The Cadres and Activists of the National Democratic Congress (NDC) have commend their founder, Flt. Lt. Jerry John Rawlings and his other rank colleagues for the House Cleaning Exercise they carried out on June 4, 1979.
As the NDC prepares to celebrate the 38th June 4 anniversary, the Cadres have released a statement, highlighting the advantages of the 1979 June 4 house cleaning exercise and how it helped propel Ghana to a vibrant participatory democracy era which has become the envy of other developing countries.
“There was excessive bribery and corruption in all spheres of the Ghanaian society, rampant human rights abuses, arbitrary arrest, detentions and inhumane treatment of dissenting views against unpopular policies”, they stated.
Below is the full statement:
June 4, 2017 marks a great day in the annals of the Ghanaian political history. In the monumental political and socio-economic development and progress have undeniably taken place within the last 38years after the house cleaning exercise embarked on by Flt.Lt. Jerry John Rawlings and his other rank colleagues on June 4, 1979. These events have helped to propel Ghana to a vibrant participatory democracy which has become the envy of other developing countries.
It is important to recount briefly the socio-political and economic state of affairs in the country prior to the June 4 Uprising:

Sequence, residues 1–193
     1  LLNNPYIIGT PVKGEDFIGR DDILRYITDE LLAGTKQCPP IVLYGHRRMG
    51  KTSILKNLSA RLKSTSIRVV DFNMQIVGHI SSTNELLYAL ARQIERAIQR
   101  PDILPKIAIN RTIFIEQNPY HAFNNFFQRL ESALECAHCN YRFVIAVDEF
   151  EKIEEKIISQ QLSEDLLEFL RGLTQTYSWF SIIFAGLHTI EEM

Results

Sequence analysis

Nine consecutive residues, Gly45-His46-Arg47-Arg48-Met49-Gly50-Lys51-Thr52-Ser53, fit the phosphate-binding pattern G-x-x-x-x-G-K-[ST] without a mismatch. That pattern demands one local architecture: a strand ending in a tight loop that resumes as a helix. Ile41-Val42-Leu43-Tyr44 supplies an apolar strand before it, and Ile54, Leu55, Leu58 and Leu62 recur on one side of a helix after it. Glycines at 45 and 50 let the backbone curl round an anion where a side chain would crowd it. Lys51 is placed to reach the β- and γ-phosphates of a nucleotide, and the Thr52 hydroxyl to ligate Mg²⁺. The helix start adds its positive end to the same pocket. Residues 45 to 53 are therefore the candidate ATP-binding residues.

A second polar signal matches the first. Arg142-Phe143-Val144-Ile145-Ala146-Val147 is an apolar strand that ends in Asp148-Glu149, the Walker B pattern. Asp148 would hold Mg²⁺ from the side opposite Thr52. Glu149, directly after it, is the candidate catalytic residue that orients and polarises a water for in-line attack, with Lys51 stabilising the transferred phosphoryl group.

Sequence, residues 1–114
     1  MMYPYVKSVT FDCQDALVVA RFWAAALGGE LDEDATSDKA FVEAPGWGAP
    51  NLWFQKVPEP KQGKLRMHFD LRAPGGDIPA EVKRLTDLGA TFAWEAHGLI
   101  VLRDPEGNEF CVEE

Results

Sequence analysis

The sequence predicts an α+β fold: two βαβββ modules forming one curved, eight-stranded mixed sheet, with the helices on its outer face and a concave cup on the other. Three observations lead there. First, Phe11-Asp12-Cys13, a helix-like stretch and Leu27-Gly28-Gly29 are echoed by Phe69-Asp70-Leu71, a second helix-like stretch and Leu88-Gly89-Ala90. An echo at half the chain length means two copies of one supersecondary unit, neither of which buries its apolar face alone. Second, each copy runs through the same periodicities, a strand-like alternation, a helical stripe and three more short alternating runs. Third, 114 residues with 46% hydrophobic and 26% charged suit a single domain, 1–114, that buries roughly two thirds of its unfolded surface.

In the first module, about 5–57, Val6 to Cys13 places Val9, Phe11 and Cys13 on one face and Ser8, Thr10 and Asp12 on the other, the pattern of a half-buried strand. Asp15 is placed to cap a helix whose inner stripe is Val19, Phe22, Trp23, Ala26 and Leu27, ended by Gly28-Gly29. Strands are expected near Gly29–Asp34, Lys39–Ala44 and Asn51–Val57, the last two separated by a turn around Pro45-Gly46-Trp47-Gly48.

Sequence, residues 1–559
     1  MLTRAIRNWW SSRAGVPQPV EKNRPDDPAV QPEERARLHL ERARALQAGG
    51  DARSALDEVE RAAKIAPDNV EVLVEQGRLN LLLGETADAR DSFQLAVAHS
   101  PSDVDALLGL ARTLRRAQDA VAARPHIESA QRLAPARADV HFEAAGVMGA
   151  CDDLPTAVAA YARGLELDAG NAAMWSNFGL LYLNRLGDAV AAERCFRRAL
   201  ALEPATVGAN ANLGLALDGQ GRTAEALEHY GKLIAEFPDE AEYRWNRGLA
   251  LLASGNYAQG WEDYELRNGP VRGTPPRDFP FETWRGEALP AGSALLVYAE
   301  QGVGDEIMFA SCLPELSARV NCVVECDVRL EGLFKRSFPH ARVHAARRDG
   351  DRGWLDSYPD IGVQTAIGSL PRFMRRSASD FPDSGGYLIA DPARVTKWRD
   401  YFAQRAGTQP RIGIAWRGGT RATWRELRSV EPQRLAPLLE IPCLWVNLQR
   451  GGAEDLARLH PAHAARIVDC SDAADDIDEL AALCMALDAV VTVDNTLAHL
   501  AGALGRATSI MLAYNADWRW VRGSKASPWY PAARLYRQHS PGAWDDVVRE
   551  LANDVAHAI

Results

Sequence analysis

The” Yentua” foreign policy of the Acheampong Supreme Military Council 1 aggravated the economic situation in the leading to severe shortages of every conceivable consumable in Ghana. Industries produced under-capacity due to lack of maintenance of equipment and shortages of raw materials for production. Hording and profiteering became the order of the day leading to kalabue and gyinabu.
There was excessive bribery and corruption in all spheres of the Ghanaian society.
The Ghanaian currency the Cedi has lost its value in relation to other trading currencies.
There were rampant human rights abuses, arbitrary arrest, detentions and inhumane treatment of dissenting views against unpopular policies.
There was a phenomenon of mass exodus of the Ghanaian professional and other skilled labour force to seek greener pastures outside Ghana. That exodus was a direct human response to the need for sustainable livelihood and survival which the country could not provide at the time.